Rising damp is the name given to a slow upward migration of dampness up a wall or ground supporting structure, groundwater rises by moving up through interlinked masonry pour structures via capillarity action which over comes the effect of gravity. For it to occur there must be a sufficient source of groundwater and the absence of a damp proof course or some other barrier for instance slate in the mortar bed or dens stone or brick work.
The height of is controlled by the thickness of the wall, masonry pours size and the amount of water at its base and if rate of surface evaporation is reduced it can rise until it can no longer overcome gravity.
Black speckled mould growth rising from floor level is not rising damp it is caused by atmospheric moisture.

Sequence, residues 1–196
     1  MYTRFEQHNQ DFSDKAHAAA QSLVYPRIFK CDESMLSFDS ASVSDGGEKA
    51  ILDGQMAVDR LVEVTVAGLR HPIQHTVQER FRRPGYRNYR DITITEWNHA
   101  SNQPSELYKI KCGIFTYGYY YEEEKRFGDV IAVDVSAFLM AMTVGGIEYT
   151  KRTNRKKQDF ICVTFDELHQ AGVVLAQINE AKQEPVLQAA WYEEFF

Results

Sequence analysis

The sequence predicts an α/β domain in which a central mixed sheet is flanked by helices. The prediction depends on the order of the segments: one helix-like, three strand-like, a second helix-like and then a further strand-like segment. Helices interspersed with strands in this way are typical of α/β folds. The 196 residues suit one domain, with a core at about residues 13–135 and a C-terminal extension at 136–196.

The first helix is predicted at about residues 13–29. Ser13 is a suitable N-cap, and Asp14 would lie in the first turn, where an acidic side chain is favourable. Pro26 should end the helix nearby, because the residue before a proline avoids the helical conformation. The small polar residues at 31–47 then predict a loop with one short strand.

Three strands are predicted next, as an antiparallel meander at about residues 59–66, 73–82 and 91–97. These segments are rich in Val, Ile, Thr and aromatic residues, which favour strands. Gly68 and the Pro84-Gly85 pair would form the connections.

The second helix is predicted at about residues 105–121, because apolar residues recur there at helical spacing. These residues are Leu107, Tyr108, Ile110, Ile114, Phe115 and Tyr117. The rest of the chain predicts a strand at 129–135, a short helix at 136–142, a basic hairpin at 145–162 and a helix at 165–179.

Is there a cure
YES: At the time of construction prevented by installing a physical barrier called a Damp Proof Course. In Edinburgh, I have seen this work in building work from 1830. This is why it’s so unusual to find in a well-built building.
“What happens if I think I have rising damp”
Arrange for an inspection by a suitably qualified surveyor as it is more than likely you have a more common type of damp.
When it has been diagnosed?
- Install a remedial chemical damp proof course to control the groundwater by controlling capillarity movement by fluid injected under pressure or cream injected into the mortar joints.
- Install a remedial electro-osmotic system to control the rising groundwater by reversing its flow. This is a scientific method of dealing with rising damp.
- Drain the ground around the property. This may not be practical and needs to be monitored.
- Cut into the walls and install a physical damp proof course, but this could affect the building structure.